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Thoreau basically says that he came to the pond for certain reasons and now they are satisfied, and so is he. His job there was done. There were other things to do, and so he left.
Specifically, he quotes, "I left the woods for as good a reason as I went there. Perhaps it seemed to me that I had several more lives to live, and could not spare any more time for that one. It is remarkable how easily and insensibly we fall into a particular route, and make a beaten track for ourselves." He did not want living in the woods to become a mere habit, and felt there were other goals in life he was to pursue and achieve.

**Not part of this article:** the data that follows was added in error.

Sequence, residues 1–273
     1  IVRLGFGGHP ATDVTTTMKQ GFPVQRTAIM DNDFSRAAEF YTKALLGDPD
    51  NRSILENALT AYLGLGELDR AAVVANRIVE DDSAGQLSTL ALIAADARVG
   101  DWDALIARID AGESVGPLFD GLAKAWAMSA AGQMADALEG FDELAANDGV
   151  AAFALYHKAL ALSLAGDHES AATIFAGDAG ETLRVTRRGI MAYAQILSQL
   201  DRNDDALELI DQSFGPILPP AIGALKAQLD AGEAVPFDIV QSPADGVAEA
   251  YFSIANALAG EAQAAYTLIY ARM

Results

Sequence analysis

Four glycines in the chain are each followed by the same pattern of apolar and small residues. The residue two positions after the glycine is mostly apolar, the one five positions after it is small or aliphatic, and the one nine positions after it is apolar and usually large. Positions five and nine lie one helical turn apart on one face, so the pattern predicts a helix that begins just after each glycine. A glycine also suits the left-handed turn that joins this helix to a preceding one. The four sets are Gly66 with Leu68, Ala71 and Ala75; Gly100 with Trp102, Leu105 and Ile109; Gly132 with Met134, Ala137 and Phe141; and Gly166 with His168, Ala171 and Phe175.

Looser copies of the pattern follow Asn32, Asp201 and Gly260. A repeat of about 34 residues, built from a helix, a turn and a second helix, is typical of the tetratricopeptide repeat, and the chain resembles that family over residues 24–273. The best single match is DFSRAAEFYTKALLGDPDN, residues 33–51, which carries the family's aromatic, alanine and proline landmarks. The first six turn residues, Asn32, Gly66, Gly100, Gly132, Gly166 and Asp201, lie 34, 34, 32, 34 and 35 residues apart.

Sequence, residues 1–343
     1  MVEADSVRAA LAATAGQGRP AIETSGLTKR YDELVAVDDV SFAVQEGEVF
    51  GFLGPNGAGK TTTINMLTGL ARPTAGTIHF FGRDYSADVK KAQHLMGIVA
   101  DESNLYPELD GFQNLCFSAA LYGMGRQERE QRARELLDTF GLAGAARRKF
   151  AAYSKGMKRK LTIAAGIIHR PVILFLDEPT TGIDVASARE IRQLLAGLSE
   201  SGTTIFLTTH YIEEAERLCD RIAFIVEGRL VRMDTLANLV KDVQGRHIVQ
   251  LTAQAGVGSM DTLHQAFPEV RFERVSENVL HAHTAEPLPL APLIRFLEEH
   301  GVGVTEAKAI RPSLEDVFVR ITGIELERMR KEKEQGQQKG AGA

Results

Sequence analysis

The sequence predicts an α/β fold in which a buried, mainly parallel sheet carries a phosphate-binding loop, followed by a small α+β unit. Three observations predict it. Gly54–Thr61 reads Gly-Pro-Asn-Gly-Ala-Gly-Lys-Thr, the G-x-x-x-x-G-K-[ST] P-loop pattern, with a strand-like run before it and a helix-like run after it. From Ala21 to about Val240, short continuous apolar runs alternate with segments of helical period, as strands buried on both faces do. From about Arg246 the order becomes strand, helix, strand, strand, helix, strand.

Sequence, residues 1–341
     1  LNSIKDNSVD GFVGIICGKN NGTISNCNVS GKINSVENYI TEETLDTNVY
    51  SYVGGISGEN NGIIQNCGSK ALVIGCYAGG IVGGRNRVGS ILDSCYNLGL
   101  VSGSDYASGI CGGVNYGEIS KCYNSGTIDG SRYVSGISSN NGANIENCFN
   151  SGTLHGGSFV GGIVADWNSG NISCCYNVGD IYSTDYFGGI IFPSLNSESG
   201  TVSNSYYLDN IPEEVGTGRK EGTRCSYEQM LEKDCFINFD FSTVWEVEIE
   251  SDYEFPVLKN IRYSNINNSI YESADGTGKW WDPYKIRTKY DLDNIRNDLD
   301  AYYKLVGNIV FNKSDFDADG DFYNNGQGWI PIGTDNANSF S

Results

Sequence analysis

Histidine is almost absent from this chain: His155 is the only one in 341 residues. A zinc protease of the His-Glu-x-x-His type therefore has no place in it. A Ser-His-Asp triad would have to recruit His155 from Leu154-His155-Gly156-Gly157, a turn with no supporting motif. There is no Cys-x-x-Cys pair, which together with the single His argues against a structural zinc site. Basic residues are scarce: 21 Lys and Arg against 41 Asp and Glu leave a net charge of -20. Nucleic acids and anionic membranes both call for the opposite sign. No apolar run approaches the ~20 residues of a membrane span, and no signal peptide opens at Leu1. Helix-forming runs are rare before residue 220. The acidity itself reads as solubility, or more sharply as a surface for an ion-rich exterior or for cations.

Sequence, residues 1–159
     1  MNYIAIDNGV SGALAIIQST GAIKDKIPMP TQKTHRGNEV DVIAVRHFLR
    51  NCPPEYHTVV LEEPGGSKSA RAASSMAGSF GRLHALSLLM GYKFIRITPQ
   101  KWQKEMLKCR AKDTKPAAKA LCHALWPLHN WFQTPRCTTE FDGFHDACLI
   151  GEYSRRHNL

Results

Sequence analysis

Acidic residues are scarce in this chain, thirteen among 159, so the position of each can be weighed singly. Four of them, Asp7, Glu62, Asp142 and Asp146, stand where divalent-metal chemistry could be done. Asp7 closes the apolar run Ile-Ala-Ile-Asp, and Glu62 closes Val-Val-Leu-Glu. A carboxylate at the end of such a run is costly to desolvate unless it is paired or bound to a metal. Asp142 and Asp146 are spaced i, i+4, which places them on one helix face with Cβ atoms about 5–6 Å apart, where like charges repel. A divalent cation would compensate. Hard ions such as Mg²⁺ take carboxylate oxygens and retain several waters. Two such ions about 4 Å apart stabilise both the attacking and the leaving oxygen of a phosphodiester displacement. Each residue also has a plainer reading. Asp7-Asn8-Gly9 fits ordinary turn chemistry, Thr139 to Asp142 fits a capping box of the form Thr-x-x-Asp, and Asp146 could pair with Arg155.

He has realized his dreams, and at the conclusion of Walden, he suggests that readers, rather than pursue success, should go their own ways at their own pace and love their lives no matter how humble those lives may be.
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